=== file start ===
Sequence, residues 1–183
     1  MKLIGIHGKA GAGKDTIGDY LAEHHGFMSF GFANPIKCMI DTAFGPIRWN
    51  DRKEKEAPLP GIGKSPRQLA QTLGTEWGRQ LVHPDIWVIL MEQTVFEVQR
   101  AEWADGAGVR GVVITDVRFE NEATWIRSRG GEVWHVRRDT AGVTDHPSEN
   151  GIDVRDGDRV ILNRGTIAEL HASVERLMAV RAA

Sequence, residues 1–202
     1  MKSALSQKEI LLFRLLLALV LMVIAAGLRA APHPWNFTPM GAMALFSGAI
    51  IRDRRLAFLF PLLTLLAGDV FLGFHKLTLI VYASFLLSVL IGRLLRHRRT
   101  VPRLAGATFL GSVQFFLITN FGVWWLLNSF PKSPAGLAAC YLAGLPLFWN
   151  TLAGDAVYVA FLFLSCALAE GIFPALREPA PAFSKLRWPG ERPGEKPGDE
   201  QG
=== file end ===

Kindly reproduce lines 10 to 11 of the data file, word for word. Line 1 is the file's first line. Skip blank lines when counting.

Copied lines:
   151  TLAGDAVYVA FLFLSCALAE GIFPALREPA PAFSKLRWPG ERPGEKPGDE
   201  QG